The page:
In 1655, Christiaan Huygens became the first person to suggest that Saturn was surrounded by a ring. Using a telescope that was far superior to those available to Galileo, Huygens observed Saturn and wrote that "It [Saturn] is surrounded by a thin, flat, ring, nowhere touching, inclined to the ecliptic."

In 1675, Giovanni Domenico Cassini determined that Saturn's ring was composed of multiple smaller rings with gaps between them; the largest of these gaps was later named the Cassini Division. This division in itself is a 4800 km-wide region between the A Ring and B Ring.cite web
title = Saturn's Cassini Division
url = http://starchild.gsfc.nasa.gov/docs/StarChild/solar_system_level2/cassini_division.html
accessdate = 2007-07-06
publisher = StarChild
]

In 1859, James Clerk Maxwell demonstrated that the rings could not be solid or they would become unstable and break apart. He proposed that the rings must be composed of numerous small particles, all independently orbiting Saturn. [cite web
url=http://www-history.mcs.st-andrews.ac.uk/~history/Extras/Maxwell_Saturn.html
title=James Clerk Maxwell on the nature of Saturn's rings
accessdate = 2007-07-08
month = March | year = 2006
publisher = JOC/EFR
] Maxwell's theory was proven correct in 1895 through spectroscopic studies of the rings carried out by James Keeler of Lick Observatory.

Physical characteristics

The rings can be viewed using a quite modest modern telescope or with good binoculars. They extend from 6 630 km to 120 700 km above Saturn's equator, average approximately 20 meters in thickness, and are composed of 93 percent water ice with a smattering of tholin impurities, and 7 percent amorphous carbon. [cite web|title= The Composition of Saturn's Rings|author=Poulet F.; Cuzzi J.N.|work=NASA Ames Research Center|url=http://www.ingentaconnect.com/content/ap/is/2002/00000160/00000002/art06967|year=2002|accessdate=2007-07-28] They range in size from specks of dust to the size of a small automobile. [cite web
url = http://www.ee.kth.se/php/modules/publications/reports/2005/TRITA-ALP-2005-03.pdf
title = Dusty Plasma Response to a Moving Test Change
first = Muhammad
last = Shafiq
year = 2005
accessdate = 2007-07-25
format = PDF
] There are two main theories regarding the origin of Saturn's rings. One theory, originally proposed by Édouard Roche in the 19th century, is that the rings were once a moon of Saturn whose orbit decayed until it came close enough to be ripped apart by tidal forces (see Roche limit). A variation of this theory is that the moon disintegrated after being struck by a large comet or asteroid. The second theory is that the rings were never part of a moon, but are instead left over from the original nebular material from which Saturn formed.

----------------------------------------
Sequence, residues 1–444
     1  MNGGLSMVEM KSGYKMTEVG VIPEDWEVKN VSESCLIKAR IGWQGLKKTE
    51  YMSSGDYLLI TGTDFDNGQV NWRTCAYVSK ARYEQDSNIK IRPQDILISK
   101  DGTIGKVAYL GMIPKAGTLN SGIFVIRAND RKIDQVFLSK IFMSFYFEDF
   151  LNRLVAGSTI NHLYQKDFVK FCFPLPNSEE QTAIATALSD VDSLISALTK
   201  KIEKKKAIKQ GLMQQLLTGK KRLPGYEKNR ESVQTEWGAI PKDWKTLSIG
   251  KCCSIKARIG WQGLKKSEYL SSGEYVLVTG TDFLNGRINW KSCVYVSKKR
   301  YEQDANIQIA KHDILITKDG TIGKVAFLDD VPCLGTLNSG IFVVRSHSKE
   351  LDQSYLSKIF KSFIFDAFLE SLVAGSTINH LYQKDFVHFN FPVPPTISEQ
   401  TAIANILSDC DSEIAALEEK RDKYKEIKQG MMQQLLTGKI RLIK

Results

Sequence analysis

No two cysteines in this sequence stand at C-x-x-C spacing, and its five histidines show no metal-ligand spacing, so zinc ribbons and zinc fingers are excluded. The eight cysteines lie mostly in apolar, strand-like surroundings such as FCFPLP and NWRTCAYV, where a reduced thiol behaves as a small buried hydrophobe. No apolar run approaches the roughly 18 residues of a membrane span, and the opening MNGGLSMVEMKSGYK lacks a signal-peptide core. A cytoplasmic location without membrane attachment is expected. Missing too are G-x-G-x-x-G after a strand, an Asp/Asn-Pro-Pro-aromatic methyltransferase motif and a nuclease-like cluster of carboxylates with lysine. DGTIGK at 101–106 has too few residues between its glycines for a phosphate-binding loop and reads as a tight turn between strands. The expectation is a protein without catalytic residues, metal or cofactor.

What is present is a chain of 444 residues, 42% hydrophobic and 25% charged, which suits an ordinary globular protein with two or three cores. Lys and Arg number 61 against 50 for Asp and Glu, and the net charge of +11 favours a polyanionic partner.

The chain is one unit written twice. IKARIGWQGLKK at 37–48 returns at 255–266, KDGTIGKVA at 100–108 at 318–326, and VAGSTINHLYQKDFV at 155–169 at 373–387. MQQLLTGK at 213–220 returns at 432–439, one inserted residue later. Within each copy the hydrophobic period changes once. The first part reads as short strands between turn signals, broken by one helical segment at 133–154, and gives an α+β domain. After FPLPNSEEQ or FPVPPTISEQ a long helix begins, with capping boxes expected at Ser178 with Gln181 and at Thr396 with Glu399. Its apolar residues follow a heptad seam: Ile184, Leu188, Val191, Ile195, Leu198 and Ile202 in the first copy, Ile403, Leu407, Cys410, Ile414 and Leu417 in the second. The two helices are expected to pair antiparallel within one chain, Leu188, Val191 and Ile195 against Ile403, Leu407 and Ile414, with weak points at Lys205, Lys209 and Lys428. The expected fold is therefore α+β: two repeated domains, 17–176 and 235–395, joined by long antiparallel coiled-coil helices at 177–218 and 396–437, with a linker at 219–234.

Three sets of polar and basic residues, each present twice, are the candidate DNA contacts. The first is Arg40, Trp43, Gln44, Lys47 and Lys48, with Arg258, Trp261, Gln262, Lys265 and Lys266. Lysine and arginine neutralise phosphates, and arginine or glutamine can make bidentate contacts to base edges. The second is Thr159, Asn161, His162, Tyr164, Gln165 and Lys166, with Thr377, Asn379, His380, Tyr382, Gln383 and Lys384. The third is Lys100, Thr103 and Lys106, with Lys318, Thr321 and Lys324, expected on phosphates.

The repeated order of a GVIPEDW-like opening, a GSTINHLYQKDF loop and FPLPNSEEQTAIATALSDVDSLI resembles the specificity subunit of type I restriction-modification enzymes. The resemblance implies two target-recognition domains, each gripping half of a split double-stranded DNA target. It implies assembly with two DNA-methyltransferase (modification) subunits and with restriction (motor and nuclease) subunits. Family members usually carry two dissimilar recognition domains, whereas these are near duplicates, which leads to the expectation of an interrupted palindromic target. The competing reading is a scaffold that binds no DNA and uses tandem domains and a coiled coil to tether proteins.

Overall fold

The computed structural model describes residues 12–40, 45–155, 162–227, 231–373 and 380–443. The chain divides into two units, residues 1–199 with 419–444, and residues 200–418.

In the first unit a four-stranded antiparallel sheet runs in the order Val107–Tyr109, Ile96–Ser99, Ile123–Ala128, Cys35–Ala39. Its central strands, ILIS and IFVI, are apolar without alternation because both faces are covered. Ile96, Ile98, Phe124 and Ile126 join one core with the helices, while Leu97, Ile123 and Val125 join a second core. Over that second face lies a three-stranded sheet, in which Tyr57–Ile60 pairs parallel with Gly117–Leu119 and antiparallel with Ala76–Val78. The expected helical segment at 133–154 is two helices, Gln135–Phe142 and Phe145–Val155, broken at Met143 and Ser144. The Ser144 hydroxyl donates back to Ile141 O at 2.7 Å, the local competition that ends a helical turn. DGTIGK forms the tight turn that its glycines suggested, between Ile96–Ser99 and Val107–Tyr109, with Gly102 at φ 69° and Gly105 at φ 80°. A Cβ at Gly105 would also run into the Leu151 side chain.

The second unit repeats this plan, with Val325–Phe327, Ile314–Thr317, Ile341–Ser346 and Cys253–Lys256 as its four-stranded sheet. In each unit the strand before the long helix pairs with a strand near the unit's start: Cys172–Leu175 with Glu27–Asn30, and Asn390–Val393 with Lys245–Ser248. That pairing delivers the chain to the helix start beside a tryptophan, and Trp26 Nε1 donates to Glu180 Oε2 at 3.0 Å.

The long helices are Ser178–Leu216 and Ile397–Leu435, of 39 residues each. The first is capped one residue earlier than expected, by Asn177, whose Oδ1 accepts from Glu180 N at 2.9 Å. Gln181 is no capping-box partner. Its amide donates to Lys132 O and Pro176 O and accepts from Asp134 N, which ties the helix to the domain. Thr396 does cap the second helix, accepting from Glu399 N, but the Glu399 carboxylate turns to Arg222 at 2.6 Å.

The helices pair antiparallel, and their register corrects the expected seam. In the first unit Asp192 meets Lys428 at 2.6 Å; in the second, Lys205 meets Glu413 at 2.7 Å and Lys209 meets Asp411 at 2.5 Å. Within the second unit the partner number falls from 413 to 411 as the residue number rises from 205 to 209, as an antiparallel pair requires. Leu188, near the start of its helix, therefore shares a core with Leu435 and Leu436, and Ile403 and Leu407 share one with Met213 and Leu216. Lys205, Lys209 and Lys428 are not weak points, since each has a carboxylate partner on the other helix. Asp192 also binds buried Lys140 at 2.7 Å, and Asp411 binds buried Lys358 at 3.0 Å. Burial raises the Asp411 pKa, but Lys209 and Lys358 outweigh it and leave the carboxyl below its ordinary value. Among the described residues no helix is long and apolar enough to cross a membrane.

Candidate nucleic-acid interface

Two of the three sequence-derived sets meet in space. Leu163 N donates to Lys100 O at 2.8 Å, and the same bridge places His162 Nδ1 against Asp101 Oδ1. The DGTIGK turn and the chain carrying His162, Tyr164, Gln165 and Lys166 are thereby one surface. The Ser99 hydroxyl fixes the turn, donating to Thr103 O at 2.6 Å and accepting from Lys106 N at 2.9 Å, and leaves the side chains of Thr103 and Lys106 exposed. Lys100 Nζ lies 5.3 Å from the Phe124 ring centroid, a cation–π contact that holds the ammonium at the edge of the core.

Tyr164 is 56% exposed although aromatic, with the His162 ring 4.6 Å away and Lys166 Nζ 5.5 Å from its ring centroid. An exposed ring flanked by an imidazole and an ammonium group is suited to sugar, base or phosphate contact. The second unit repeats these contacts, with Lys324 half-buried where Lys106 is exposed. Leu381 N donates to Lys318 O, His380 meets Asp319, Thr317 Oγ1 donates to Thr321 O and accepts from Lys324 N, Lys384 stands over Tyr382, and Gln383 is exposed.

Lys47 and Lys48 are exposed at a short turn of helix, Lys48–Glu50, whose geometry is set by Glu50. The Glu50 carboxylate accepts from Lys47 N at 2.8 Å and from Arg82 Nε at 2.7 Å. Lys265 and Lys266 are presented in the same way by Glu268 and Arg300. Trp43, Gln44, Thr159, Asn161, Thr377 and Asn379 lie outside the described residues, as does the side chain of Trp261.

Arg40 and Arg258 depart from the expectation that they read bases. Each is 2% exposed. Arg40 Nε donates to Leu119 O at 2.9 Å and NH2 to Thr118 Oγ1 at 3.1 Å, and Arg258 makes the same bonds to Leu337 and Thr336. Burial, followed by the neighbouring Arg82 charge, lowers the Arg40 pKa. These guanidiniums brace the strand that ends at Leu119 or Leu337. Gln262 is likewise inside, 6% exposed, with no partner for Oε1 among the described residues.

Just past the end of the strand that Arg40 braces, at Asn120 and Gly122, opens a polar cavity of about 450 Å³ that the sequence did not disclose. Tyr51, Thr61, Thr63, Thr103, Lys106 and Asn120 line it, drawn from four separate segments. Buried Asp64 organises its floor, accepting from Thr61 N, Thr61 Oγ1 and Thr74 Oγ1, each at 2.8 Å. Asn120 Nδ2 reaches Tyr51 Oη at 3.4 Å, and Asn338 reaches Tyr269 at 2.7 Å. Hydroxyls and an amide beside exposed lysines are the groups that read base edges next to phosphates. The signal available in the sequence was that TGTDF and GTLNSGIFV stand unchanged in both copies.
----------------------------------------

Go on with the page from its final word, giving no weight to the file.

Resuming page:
While the largest gaps in the rings, such as the Cassini Division and Encke Gap, can be seen from Earth, both Voyager spacecraft discovered that the rings have an intricate structure of thousands of thin gaps and ringlets. This structure is thought to arise, in several different ways, from the gravitational pull of Saturn's many moons. Some gaps are cleared out by the passage of tiny moonlets such as Pan, many more of which may yet be discovered, and some ringlets seem to be maintained by the gravitational effects of small shepherd satellites such as Prometheus and Pandora. Other gaps arise from resonances between the orbital period of particles in the gap and that of a more massive moon further out; Mimas maintains the Cassini division in this manner. Still more structure in the rings consists of spiral waves raised by the moons' periodic gravitational perturbations.

Data from the Cassini space probe indicate that the rings of Saturn possess their own atmosphere, independent of that of the planet itself. The atmosphere is composed of molecular oxygen gas (O2) produced when ultraviolet light from the Sun interacts with water ice in the rings. Chemical reactions between water molecule fragments and further ultraviolet stimulation create and eject, among other things O2. According to models of this atmosphere, H2 is also present. The O2 and H2 atmospheres are so sparse that if the entire atmosphere were somehow condensed onto the rings, it would be on the order of one atom thick. [cite web
url = http://news.bbc.co.uk/1/hi/sci/tech/4640641.stm
title = Saturn rings have own atmosphere
date = July 1, 2005
accessdate = 2007-07-06
last = Rincon
first = Paul
publisher = British Broadcasting Corporation
] The rings also have a similarly sparse OH (hydroxide) atmosphere. Like the O2, this atmosphere is produced by the disintegration of water molecules, though in this case the disintegration is done by energetic ions that bombard water molecules ejected by Saturn's moon Enceladus. This atmosphere, despite being extremely sparse, was detected from Earth by the Hubble Space Telescope. [cite web
url = http://adsabs.harvard.edu/cgi-bin/nph-bib_query?bibcode=2006ApJ...644L.137J&db_key=AST&data_type=HTML&format=&high=42bf06f4d906731
title = The Enceladus and OH Tori at Saturn
last = Johnson
first = R. E.
accessdate = 2007-07-07
year = 2006
publisher = The American Astronomical Society
]

Saturn shows complex patterns in its brightness. Most of the variability is due to the changing aspect of the rings,cite web
url = http://goliath.ecnext.com/coms2/summary_0199-5991060_ITM
title = Wideband photometric magnitude measurements of Saturn made during the 2005-06 Apparition
accessdate = 2007-10-14
last = Schmude
first = Richard, Jr.
date = September 22, 2006
publisher = Georgia Journal of Science